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Y. Lee, T. C. Beers (Michigan State & JINA), C. Bailer-Jones (MPIA), H. J. Newberg (RPI), M. Subbarao, D. Surendran (U. Chicago)
The SDSS survey, and its extension for Galactic studies, SEGUE, are obtaining broadband ugriz photometry for vast numbers of stars in the disk and halo populations of the Milky Way. There are two primary drivers for the development and refinement of techniques for estimation of approximate atmospheric parameters (Teff, log g, [Fe/H]) based on this photometry. First, the target selection algorithm for the roughly 250,000 stars that will be studied spectroscopically with SEGUE is based upon various cuts in ugriz parameter space, in hopes of optimally selecting stars of greatest interest for exploration of Galactic structure and kinematics, as well as for the indentification of low-metallicity stars. Secondly, if reasonably accurate estimates of the atmospheric parameters can be extracted from the photometry, this would allow for statistical studies of the nature of the metallicity distrution function throughout large regions of the Galaxy, and also aid in the identification of coherent streams of stellar debris that might share common abundances.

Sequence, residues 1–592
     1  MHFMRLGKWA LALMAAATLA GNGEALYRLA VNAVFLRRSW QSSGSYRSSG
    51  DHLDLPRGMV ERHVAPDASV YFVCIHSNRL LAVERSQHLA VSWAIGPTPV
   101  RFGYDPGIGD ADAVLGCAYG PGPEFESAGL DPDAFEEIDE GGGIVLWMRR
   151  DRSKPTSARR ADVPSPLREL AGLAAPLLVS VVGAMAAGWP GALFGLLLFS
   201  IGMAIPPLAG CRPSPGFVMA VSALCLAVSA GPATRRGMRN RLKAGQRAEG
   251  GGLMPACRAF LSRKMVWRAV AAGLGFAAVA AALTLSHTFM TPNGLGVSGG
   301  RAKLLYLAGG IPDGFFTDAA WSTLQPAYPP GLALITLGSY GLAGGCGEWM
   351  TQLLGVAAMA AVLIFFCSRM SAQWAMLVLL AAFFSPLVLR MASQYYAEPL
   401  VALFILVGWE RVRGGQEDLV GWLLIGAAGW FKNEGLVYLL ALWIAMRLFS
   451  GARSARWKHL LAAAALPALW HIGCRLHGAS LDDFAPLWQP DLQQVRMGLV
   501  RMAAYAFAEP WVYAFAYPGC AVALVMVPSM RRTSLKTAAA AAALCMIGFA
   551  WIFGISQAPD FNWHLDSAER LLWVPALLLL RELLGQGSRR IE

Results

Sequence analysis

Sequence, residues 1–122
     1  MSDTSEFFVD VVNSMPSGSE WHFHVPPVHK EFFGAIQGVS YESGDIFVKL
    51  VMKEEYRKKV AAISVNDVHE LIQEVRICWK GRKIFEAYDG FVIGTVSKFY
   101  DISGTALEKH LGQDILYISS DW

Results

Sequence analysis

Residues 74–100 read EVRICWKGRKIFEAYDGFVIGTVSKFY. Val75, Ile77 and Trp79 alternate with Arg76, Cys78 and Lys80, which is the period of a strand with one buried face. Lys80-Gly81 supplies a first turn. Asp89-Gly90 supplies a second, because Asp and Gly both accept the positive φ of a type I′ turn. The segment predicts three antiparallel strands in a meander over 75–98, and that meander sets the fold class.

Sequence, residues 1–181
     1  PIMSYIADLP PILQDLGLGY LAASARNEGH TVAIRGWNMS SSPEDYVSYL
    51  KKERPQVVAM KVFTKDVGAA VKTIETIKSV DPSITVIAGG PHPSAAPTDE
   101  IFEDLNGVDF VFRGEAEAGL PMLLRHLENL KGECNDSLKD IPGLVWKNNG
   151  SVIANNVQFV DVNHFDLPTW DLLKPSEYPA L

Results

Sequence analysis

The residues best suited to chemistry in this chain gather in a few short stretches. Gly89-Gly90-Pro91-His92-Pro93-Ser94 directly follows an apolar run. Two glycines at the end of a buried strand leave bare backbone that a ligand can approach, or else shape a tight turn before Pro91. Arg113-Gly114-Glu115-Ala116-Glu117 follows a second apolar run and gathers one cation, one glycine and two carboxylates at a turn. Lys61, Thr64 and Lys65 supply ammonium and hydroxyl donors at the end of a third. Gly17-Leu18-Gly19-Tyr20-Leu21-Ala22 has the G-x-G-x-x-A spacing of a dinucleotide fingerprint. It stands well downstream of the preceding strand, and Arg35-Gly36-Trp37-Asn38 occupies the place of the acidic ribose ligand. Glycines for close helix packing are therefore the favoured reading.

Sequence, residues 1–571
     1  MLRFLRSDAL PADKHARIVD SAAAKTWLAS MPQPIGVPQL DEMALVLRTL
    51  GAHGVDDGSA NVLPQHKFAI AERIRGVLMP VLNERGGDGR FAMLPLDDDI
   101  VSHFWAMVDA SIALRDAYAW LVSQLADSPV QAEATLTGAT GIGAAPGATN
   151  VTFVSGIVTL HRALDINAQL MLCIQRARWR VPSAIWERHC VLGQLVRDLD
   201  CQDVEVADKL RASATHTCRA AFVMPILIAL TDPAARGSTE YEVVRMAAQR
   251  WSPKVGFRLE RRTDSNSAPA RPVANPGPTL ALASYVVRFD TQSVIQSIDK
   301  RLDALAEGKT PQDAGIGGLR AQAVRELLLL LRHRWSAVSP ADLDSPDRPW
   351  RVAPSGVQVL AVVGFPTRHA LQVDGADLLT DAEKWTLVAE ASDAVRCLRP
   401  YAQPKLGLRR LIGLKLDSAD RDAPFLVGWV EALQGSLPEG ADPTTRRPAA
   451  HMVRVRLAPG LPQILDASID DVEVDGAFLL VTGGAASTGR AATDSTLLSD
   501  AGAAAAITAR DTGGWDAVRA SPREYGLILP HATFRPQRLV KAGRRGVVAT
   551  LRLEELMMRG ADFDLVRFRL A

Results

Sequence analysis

We report on investigations of several methods for the estimation of atmospheric parameters for stars with available SDSS photometry. These include the Principle Components Analysis technique originally explored by Lenz et al. (1998), as well as two new approaches based on supervised Artificial Neural Networks and Support Vector Machines. Focusing of the determination of [Fe/H], we compare estimated metallicities of field stars and members of several globular and open clusters based on SDSS R = 2000 spectroscopy with those obtained from the photometry alone. We comment on the suitability of these techniques over the wide range of temperature and surface gravity explored by SEGUE, and the impact of photometric errors on these estimates.
Y.L. and T.C.B. acknowledge partial support from grant AST 04-06784, as well as from grant PHY 02-16783, Physics Frontier Center/Joint Institute for Nuclear Astrophysics (JINA), awarded by the US National Science Foundation. H.J.N acknowledges partial support from NSF grant AST 03-07571.
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Bulletin of the American Astronomical Society, 37 #4
© 2005. The American Astronomical Soceity.